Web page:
Green Card Marriage Risk

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Understanding The Risks Of Applying For A Green Card Through Marriage

You have just married your U.S. citizen sweetheart and now it is time to apply for a green card through marriage.

After researching the matter online and talking with friends, family members, and colleagues, you acquire a basic understanding of the process…a few forms, marriage certificate, birth certificate, filing fees, and an interview.

In fact, perhaps you have even printed and viewed some of the forms you found online. Upon review of the forms, sure enough this looks like a walk-in-the park and you decide to embark on this seemingly simple journey on your own without the guidance of a trusted and experienced immigration lawyer.

Beware of the green card marriage risks described in more detail below.

What looks like a walk in the park can too often lead to a walk on hot coals off of the edge of a cliff. How is this possible…after-all it’s just a few forms, filing fees, and some other documents? Well, it’s possible because what appears to be a straight-forward process is actually something much more complicated and risky. On top of that, USCIS (aka U.S. immigration) is not the most forgiving government agency, to say the least.

Let’s take a look at some of the common things that often go wrong with a marriage green card application when a couple navigates the process without the help of a trusted and experienced immigration lawyer:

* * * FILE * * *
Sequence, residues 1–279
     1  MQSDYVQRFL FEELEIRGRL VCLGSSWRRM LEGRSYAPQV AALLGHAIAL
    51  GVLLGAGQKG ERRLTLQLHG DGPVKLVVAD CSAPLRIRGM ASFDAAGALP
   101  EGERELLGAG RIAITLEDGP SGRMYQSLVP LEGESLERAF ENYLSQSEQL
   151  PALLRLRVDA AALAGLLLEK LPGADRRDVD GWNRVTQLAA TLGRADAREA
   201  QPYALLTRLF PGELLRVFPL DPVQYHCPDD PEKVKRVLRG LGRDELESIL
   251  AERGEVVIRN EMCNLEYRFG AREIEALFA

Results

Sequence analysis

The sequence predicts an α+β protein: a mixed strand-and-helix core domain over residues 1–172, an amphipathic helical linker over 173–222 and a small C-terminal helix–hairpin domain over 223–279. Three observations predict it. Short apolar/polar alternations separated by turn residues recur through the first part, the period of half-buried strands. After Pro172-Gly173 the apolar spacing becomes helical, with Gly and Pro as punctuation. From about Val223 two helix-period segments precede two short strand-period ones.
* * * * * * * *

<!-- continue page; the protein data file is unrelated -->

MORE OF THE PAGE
1. Providing the wrong forms, outdated forms, or lacking certain forms – In a complete marriage green card application, including work authorization and advance parole, there can be 7-10 different USCIS forms that need to be completed and included with the application. It’s extremely easy to become confused or to be unaware of which forms must be included. Another issue I’ve seen on several occasions by individuals who attempt to “do it themselves” is that they use outdated versions of one or more forms leading to the case being rejected.
  2. Improperly completing the forms – Simple omissions or improper answers on the forms can lead to negative consequences. In some instances, an omission or improper answer could result in the the application being rejected or denied whereas in other instances certain omissions or improper answers could lead to a finding of fraud/misrepresentation at the interview.
  3. Misunderstanding the affidavit of support – This is a tricky part of the application and many cases are denied because of a failure to properly address the green card affidavit of support. Cases are denied not just because the financial requirement isn’t met, but also in instances where the correct documentation is not included even though the financial requirement may be sufficient.
  4. Failing to include proper supporting documents – A marriage green card application requires a lot of supporting documents from both spouses at the time of application submission and at the time of the interview. Sometimes the supporting documents should be photocopies whereas in other instances they should be originals.